Ghekiere et al. | Coronary Computed Tomography Angiography: Patient-related factors determining image quality using a second-generation 320-slice CT scanner (2016)

Williams et al. | Use of Coronary Computed Tomographic Angiography to Guide Management of Patients With Coronary Disease | JACC (2016)

Nasis et al. | Coronary computed tomography angiography for the assessment of chest pain: current status and future directions | The International Journal of Cardiovascular Imaging (2015)

Williams et al. | Observer variability in the assessment of CT coronary angiography and coronary artery calcium score: substudy of the Scottish COmputed Tomography of the HEART (SCOT-HEART) trial | Open Heart (2015)

Shariat et al. | Utility of coronary CT angiography in outpatients with hypertrophic cardiomyopathy presenting with angina symptoms | Journal of Cardiovascular Computed Tomography (2014)

Voros et al. | Prospective, Head-to-Head Comparison of Quantitative Coronary Angiography, Quantitative Computed Tomography Angiography, and Intravascular Ultrasound for the Prediction of Hemodynamic Significance in Intermediate and Severe Lesions, Using Fractional Flow | The American journal of cardiology (2014)

Wong et al.| Superior CT coronary angiography image quality at lower radiation exposure with second generation 320-detector row CT in patients with elevated heart rate: a comparison with first generation 320-detector row CT | Cardiovascular diagnosis and therapy (2013)

Chen et al. | Submillisievert Median radiation Dose for coronary angiography with a second-generation 320-Detector Row CT Scanner in 107 Consecutive Patients | Radiology | (2013)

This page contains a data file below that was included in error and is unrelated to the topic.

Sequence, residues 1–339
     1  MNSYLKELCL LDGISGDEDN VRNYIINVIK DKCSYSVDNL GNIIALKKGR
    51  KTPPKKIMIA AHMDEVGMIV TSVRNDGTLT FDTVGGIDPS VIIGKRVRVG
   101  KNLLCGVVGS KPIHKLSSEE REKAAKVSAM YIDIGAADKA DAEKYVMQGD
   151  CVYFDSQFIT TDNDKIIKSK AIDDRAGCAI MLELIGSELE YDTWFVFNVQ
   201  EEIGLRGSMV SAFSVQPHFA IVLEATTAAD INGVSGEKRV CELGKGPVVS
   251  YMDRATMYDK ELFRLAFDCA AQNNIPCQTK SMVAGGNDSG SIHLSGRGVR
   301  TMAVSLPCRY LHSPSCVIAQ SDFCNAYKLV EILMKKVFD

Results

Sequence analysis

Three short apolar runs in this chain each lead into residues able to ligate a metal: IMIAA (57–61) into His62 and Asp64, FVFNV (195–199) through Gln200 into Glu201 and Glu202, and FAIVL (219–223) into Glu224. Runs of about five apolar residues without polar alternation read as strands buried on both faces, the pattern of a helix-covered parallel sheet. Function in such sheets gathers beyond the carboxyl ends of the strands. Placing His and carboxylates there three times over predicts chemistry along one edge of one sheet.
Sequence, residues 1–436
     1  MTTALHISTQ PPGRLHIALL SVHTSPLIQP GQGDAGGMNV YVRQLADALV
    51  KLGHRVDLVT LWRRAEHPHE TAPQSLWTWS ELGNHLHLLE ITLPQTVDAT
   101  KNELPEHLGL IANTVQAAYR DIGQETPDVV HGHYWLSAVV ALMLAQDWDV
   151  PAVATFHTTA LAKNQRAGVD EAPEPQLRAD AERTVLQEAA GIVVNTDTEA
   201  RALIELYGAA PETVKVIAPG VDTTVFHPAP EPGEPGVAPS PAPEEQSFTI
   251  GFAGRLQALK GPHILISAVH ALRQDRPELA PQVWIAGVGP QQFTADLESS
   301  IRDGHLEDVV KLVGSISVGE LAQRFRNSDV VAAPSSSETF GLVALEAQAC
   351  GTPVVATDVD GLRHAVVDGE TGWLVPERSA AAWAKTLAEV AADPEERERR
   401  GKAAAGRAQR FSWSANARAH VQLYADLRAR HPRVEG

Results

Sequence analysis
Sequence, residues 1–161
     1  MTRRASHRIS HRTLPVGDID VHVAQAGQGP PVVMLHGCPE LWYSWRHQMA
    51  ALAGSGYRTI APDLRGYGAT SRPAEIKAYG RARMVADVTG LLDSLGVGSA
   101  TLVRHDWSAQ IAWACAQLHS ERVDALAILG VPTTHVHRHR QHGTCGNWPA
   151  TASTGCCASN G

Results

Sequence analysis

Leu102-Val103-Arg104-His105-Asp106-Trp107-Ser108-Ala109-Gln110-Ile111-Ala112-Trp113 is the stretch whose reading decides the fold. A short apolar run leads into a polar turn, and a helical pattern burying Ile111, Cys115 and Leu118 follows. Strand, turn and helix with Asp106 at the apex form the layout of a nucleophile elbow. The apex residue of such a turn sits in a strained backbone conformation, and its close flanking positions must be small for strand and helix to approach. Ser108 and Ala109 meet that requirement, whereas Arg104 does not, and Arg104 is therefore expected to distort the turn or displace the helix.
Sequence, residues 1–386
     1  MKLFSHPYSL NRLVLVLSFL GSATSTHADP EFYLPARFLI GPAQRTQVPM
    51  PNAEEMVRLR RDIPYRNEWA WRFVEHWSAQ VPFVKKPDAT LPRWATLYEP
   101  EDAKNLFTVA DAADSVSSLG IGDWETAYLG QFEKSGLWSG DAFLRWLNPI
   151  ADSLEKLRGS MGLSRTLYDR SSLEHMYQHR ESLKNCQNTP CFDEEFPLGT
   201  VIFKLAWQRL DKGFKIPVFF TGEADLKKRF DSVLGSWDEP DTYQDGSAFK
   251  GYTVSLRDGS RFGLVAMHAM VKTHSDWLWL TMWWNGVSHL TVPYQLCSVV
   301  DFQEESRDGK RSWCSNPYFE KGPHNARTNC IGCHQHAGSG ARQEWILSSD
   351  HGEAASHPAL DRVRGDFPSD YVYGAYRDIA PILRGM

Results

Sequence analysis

Tomizawa et al. | Coronary CT angiography using the second-generation 320-detector row CT: assessment of image quality and radiation dose in various heart rates compared with the first-generation scanner | The international journal of cardiovascular imaging (2013)

Tung et al. | Radiation Dose in 320-Slice Multidetector Cardiac CT: - A Single Center Experience of Evolving Dose Minimization | Journal of Cardiovascular Computed Tomography (2013)

Uehara et al. | Diagnostic accuracy of 320-slice computed-tomography for detection of significant coronary artery stenosis in patients with various heart rates and heart rhythms compared with conventional coronary-angiography | Int J cardiology (2013)

Yoo et al. | Image quality of Adaptive Iterative Dose Reduction 3D of coronary CT angiography of 640-slice CT: comparison with filtered back-projection | The international journal of cardiovascular imaging (2013)

Troupis et al. | Presence of accessory left atrial appendage/diverticula in a population with atrial fibrillation compared with those in sinus rhythm: a retrospective review | The international journal of cardiovascular imaging (2012)

Yang et al. | Low dose 320-row CT for left atrium and pulmonary veins imaging-the feasibility study | European journal of radiology (2012)

Latina et al. | Ultra-High-Resolution Coronary CT Angiography for Assessment of Patients with Severe Coronary Artery Calcification: Initial Experience | Radiology Cardiothoracic Imaging (2021)

Takagi et al. | Diagnostic performance of coronary CT angiography with ultra-high-resolution CT: Comparison with invasive coronary angiography | Eur J Radiol (2018)

Motoyama et al. | Ultra-High-Resolution Computed Tomography Angiography for Assessment of Coronary Artery Stenosis | Circulation Journal (2018)